Hotel turnover part II!!

Welcome hoteliers!

In the last article I gave a small synopsis about the hotel turnover in China, Korea, and the USA.

Today I want to just show you a little of my experience dealing with it. I’m still a young manager but I am a unique one with unique solutions; I say that because I did not have a mentor or someone’s example to go after, so I want to share my solutions and hope that it helps others! Let’s start with… China of course!


China!

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Within my first three months, we lost four front desk agents and had hired two interns and two new front desk agents. To the other managers, this was clockwork, but it bothered me. I wanted to do something about it. And it was very simple, just as one former employee stated… “I’ll go work an office job, get normal hours, and a higher pay,” I realized that in the staff’s mind, there’s no benefit for working in a hotel.

I decided to talk with all of the agents, to see where they may be unhappy and where the opportunities for growth may lie; surely there’s more than work, go home, and eat food. And then it dawned on me, China has a problem instilling hope on their workers. I mean, why come to work in a hotel? If the answer was just to survive…. wrong answer! What about the true hospitality spirit?

I was re-instilling a sense of belonging, hope, and enjoyment in seeing people happy because of the experiences we created! Whether we saw a family that booked a queen room that we upgraded to a double room with a view, or sent an amenity to a newly wed couple, I showed the enjoyment that can come from that. If you can find that enjoyment, it’s not bad work at all, plus the travel benefits which very few took advantage of, so I started to push them to go. “Visit your families, take a trip, 2-3 days is good, get some fresh air, use your 70% discount etc.” and the turnover for the rest of my tenure was practically non-existent.

When I went to Chengdu it was the same thing; I emphasized instilling hope, a sense of belonging and showing them what true hospitality was like. In fact most employees don’t know why they work in hotels in the first place!

 


Korea!

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In Korea, I managed an apartment building, not a hotel. They hired me because I could offer hotel level services to guests, which we did. We operated partially with AirBnB (great cash-flow) and short-term apartment rentals.

Whilst having a small staff I did have numerous hotel contacts and it was the same from what I observed and discussed with other managers. The local staff will accept being miserable, but will keep their job because another one is hard to find. But I found encouragement to be the best practice. When the staff is unhappy, they begin to think only of pay, work, and to go home. Encourage them, and they are more engaged, come with a smile, and cooperate more. I challenged my friends to get to know their staff better, challenge them to be unique, talk to them about future prospects, instill some hope!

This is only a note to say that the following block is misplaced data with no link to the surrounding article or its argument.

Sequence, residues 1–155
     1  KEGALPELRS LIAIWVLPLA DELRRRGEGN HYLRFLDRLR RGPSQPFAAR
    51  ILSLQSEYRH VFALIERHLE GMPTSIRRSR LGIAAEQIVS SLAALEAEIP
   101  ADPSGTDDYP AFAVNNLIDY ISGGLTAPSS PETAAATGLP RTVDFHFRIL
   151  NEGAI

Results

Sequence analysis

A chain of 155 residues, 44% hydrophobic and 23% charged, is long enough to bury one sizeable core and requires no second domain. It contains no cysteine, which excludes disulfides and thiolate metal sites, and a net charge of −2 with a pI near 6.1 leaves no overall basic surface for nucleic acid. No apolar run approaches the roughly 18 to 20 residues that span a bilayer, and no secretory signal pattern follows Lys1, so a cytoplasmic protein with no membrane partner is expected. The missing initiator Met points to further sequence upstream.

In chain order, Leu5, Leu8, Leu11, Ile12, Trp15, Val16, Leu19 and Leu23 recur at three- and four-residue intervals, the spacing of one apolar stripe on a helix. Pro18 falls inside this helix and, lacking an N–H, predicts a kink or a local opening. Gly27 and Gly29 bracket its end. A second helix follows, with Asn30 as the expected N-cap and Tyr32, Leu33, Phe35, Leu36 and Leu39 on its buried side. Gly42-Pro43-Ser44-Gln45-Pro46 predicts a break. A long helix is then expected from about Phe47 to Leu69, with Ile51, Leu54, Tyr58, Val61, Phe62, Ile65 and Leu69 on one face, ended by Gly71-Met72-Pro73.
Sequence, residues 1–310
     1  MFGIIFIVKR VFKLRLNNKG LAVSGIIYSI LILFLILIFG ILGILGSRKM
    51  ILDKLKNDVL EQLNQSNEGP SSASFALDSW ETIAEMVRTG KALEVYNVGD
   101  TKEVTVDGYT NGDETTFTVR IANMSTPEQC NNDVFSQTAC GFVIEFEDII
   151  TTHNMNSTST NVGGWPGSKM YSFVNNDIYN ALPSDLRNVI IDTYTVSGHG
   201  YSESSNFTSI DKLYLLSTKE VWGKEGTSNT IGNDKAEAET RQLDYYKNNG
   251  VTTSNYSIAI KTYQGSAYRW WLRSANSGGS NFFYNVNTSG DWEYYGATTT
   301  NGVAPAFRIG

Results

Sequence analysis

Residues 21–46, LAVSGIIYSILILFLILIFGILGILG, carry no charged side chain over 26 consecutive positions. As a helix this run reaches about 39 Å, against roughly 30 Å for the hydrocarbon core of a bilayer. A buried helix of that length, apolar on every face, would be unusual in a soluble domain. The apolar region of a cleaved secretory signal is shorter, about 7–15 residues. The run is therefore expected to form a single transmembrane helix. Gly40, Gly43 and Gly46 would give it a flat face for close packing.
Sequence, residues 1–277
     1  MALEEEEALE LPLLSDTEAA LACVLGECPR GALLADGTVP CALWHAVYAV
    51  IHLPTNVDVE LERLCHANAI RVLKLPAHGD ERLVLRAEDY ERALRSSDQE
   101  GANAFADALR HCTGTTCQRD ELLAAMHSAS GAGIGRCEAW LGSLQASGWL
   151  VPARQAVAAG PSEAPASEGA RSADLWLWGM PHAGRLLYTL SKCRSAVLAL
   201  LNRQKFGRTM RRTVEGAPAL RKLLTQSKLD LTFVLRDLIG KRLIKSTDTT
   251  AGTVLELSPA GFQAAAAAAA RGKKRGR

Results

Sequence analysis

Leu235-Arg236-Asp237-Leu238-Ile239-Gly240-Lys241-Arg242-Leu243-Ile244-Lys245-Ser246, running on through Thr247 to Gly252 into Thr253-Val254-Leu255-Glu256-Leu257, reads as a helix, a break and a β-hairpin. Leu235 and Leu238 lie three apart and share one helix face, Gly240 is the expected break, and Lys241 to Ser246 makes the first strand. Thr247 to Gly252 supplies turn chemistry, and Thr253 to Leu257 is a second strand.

Good olUSA!

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Admittedly it’s my first time actually managing in my own country, and to add onto it, my hotel is super unionized. To the point that I actually can’t check in a guest myself, I’ll be taking away work from the front desk agents. If I check in one guest, the most senior agent is getting paid a full days salary. In fact, I’m gonna write an article for you all soon enough about the… UNION!

However the issue isn’t that, one problem is high management turnover. Most of the agents are older, having been working for 5-30 years. And every year there’s a new 20-something year old manager with new ideas and wants to change your work, life, and flow! I saw this instantly, but how I manage is by first realizing that: I’m not going to change anything.

It’s more of assisting with efficiency, solving issues, and improving/assisting with change from corporate. For example, if agents are always clicking and are a bit on the slow side, I show them some hot keys which are easy to memorize that can help them speed up; not forced just suggested, and I do put it in a nice way which they are very welcoming of.

As managers we have to solve very creatively when guests complain and that’s why the managers are younger and younger. We’re creative, unique, and have thick skin. And finally hotel corporations are always trying to improve their product, systems, and process. Most times drastic change is hard for employees, especially when they’ve done the same for 15 years. Our job is to learn it first, simplify it and train it!


Final words? My advice has always been to train and encourage not blame and force. Take care of the staff and they will take care of the guests! I hope my methods will help to inspire even more unique methods that I too am always eager to learn!

Thanks for stopping by and see you in the next article!

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Best Regards,
Daniel Cooper

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